As part of our estate planning practice, our firm prepares a variety of trusts. In particular, these three trusts tend to be commonly used:

Testamentary Trusts for Children

A testamentary trust is a trust, contained within a Will, that allows parents and other family members to distribute assets to both children and adults who may not be capable of a direct distribution. For example, John and Jolene have three children: Jerry, age 5; Jamie, age 15; and Jack, age 19. John and Jolene can set up a testamentary trust that will come into effect if both of them are deceased. They will name a trustee, and an alternate trustee in the event that the primary trustee is unable to serve. They will establish parameters regarding how the trust will be funded, how the trust assets will be distributed to their three children, when the trust will eventually terminate, and how the remaining funds will be distributed upon termination. For more information, please see this blog post by Sherry.

Testamentary Trusts for Tax Purposes

A variety of trusts, such as a disclaimer trust or a credit shelter trust, can be used to help minimize or avoid Washington and federal estate tax liability. These trusts are included in Wills, and become effective after death as part of the estate administration process. The trusts are designed to minimize the taxable assets in the surviving spouse’s estate upon death, while still ensuring that the surviving spouse’s needs are fully addressed. For more information, please see this blog post by Stacey.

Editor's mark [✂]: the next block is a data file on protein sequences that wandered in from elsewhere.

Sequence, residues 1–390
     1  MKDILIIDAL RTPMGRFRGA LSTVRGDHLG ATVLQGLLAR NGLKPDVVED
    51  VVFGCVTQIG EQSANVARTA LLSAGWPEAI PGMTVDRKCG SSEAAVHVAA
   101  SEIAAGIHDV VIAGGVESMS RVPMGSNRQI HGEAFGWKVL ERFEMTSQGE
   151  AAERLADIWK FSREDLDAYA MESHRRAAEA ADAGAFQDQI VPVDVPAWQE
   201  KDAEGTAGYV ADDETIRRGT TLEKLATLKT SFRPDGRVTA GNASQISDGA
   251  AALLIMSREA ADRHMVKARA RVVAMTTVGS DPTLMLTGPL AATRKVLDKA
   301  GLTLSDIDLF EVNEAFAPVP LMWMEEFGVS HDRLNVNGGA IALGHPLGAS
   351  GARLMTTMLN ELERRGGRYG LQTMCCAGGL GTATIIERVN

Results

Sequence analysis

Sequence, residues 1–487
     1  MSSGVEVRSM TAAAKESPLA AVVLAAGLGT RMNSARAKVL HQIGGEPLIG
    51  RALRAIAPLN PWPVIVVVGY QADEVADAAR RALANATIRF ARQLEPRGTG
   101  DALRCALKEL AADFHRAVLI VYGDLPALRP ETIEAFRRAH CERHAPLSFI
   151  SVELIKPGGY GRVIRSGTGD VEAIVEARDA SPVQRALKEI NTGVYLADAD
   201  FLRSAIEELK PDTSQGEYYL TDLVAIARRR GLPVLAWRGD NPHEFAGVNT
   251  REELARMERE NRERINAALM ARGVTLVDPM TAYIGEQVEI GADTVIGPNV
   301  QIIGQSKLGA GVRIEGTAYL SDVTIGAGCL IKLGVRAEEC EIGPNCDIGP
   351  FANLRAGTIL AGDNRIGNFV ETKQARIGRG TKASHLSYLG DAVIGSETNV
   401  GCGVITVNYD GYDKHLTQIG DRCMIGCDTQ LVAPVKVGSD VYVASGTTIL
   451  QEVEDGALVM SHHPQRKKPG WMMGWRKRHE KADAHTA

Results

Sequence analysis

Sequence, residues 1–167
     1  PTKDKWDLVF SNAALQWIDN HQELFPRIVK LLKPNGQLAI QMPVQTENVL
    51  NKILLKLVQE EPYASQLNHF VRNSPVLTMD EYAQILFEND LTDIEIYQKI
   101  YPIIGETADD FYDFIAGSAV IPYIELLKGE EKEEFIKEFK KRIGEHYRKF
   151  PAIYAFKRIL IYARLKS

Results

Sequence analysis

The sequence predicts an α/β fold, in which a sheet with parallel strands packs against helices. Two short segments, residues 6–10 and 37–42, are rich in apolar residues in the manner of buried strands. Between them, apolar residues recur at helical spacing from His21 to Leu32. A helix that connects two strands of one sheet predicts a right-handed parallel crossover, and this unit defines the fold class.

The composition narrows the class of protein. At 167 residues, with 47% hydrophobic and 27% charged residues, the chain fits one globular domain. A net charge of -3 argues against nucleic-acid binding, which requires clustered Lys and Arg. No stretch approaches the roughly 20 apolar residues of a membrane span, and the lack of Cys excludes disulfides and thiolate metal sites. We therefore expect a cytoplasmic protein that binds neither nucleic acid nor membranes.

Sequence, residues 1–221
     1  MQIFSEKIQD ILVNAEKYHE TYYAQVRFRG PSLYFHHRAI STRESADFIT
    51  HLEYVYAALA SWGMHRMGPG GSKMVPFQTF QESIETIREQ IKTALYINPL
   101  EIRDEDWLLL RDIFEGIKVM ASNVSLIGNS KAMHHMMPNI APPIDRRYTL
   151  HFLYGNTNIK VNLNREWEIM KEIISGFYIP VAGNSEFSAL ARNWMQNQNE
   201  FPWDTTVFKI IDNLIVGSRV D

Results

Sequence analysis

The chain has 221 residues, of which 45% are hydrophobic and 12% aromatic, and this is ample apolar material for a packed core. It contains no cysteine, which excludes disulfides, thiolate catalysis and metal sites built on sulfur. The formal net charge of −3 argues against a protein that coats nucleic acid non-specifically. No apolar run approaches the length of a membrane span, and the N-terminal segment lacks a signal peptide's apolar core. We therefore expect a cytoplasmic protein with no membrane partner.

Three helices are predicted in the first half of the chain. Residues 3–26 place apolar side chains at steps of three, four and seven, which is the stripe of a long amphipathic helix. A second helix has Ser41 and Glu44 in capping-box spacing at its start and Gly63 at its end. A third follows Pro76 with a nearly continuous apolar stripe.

Revocable Living Trusts

A revocable living trust is a trust designed to avoid probate. Unlike testamentary trusts and trusts for tax purposes, a revocable living trust is a document that is separate from a Will and comes into effect upon signature. To work well, an individual needs to fund the revocable living trust by transferring assets into it such as real property and bank accounts. The trust provisions will govern the management and distribution of assets that belong to the trust. For more information, please see this blog post by Sherry.